Nurse Says Hospital Scapegoated Her for Death

     LAS VEGAS (CN) – A neonatal nurse at Sunrise Children’s Hospital claims in court that she was fired and scapegoated for the failure of catheters and the death of an infant in 2010.



     Sharon Ochoa-Reyes sued Sunrise Hospital and Medical Center and four of its top executives, in Clark County Court.
     Ochoa-Reyes claims the hospital’s Neonatal Intensive Care Unit “began experiencing a spike in failure rates” of intravenous catheter lines used to administer medication to infants from December 2009 to May 2010.
     “At least 14” catheter lines “became separated in two, interrupting the flows of fluids through the device,” the complaint states.
     In late 2009, the unit “had been experiencing problems with their PICC [peripherally inserted central catheter] lines, including air embolism and finding air in the IV lines after being fully primed,” according to the complaint.
     “Sunrise staff investigated and met with manufacturer representatives, and determined that a change in tubing products to include the addition of a micron air eliminating filter and additional ports,” the lawsuit states. “… (T)he new equipment was placed in use in late January, 2010.”
     Between February and May, “an additional 13 incidents of catheter failure occurred in the Unit, twelve involving PICC lines, and one involving an umbilical arterial catheter,” the complaint states.
     Ochoa-Reyes claims: “Sunrise did little in response to the spike in catheter failures. Although eight events occurred during these months, the broken tubing was saved in only three cases – the rest were discarded and presumably destroyed. In three cases, hospital required incident reports were not completed, and those that were completed in the remaining five cases had incomplete information.”
     Records indicate that supervisory staff believed the tubing issues to be caused by “line tension, pressure build-up and/or clotting, noting in internal communications that, ‘We recognize that we have issued with our tubing and [sic] working hard to find the true cause … We believe issue is with the adding of the small filter.’
     “There is no evidence to suggest Sunrise made any attempt to contact representatives of the manufacturer of the PICC lines or other safety experts, and filed no reports with the FDA about the problems. The hospital continued to use the same PICC catheter lines despite the ongoing problems.” (Brackets and ellipsis in complaint.)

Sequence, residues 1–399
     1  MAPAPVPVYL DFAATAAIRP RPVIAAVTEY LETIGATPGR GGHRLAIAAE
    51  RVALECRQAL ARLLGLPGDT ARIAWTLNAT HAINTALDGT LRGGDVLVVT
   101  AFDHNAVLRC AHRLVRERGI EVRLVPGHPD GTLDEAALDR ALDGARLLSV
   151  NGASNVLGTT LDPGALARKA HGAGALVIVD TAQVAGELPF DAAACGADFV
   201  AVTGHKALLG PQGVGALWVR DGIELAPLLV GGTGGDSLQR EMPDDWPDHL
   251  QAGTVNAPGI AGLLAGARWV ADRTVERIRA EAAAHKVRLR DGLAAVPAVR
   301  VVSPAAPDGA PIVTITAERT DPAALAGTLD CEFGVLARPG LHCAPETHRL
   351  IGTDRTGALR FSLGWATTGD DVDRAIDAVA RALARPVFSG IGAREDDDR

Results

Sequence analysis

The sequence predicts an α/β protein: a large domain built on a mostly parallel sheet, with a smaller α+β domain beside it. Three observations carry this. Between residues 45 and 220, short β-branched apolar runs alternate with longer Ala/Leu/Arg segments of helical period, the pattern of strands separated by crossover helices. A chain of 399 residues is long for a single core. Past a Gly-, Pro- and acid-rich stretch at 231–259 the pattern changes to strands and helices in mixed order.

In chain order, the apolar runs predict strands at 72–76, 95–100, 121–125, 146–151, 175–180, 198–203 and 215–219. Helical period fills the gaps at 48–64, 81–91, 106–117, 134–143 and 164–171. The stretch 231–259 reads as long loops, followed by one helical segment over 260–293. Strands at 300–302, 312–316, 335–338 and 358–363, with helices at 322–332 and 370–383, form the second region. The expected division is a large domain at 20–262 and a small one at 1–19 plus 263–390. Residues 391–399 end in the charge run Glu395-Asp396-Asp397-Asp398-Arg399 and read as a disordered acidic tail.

Ochoa-Reyes claims that a 12th catheter failure was discovered on May 10, 2010, in which the PICC line separated “underneath an intact dressing. The full length of the broken line was inside the infant and was therefore unable to be retrieved by the nursing staff. X-ray confirmed that the proximal end of the line was in the baby’s thigh and the distal end was curled in the atrium.”
     Ochoa-Reyes says the pediatric cardiologist “decided that retrieving the line could wait till morning,” by which time “the full length of the broken line had migrated and was coiled in the baby’s heart.”
     Another baby suffered from a broken PICC line on May 23, 2010, the complaint states.
     “(O)nly after the events of May 10, 2010 and May 23, 2010 caused harm to patients did Sunrise take action on the problems that had been ongoing with catheter lines in the Unit since at least December 2009,” the complaint states. “That course of action, however, was only designed to divert attention from its own failures by casting suspicion and blame, and making Sharon Ochoa-Reyes the scapegoat for its own failings, accusing her, without evidence, of intentionally severing catheter lines.”
     Ochoa-Reyes was removed from her work schedule and forced to talk with the hospital’s attorneys.
     “What she had no way of knowing is that Sunrise had already initiated a sham ‘investigation’ focused on finding a guilty party for what it would later claim were intentional acts – the cutting of catheter lines,” according to the complaint. “Sharon was left off the work schedule and in limbo for weeks, with no information, until she was permanently terminated.”
     During its “sham investigation,” the hospital contacted police and requested “that it conduct a criminal investigation of Sharon Ochoa-Reyes,” the complaint states. “Sharon was subjected to repeated interrogation by … detectives.” She says she was asked to submit a polygraph twice, which she passed both times.
     She seeks damages for defamation, libel, slander, wrongful termination, conspiracy, negligence and fraud.
     She is represented by Marc Cook with Bailus Cook & Kelesis.

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